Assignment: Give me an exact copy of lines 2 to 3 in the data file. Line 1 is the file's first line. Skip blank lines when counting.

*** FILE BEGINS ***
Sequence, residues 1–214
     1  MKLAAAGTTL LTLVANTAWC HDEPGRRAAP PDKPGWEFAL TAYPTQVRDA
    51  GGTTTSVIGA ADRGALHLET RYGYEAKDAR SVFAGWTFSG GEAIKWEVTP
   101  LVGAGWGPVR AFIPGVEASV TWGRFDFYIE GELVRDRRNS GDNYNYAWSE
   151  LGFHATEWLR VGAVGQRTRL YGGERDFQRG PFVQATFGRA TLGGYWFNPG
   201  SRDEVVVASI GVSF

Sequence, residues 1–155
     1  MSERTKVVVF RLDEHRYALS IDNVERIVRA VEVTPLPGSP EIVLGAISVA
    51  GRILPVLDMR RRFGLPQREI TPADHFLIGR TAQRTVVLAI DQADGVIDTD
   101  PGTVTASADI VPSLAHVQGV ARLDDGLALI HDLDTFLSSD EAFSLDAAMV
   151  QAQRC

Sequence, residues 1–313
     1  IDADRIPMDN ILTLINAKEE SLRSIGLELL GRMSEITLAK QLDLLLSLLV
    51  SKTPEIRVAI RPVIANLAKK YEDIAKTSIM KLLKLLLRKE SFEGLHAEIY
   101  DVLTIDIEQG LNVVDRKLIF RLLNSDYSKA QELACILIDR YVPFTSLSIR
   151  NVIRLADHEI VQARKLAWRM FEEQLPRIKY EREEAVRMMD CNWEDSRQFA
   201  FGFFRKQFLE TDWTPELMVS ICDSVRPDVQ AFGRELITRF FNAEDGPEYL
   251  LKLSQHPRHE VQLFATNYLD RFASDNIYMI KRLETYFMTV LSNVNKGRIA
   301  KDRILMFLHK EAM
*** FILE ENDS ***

     1  MKLAAAGTTL LTLVANTAWC HDEPGRRAAP PDKPGWEFAL TAYPTQVRDA
    51  GGTTTSVIGA ADRGALHLET RYGYEAKDAR SVFAGWTFSG GEAIKWEVTP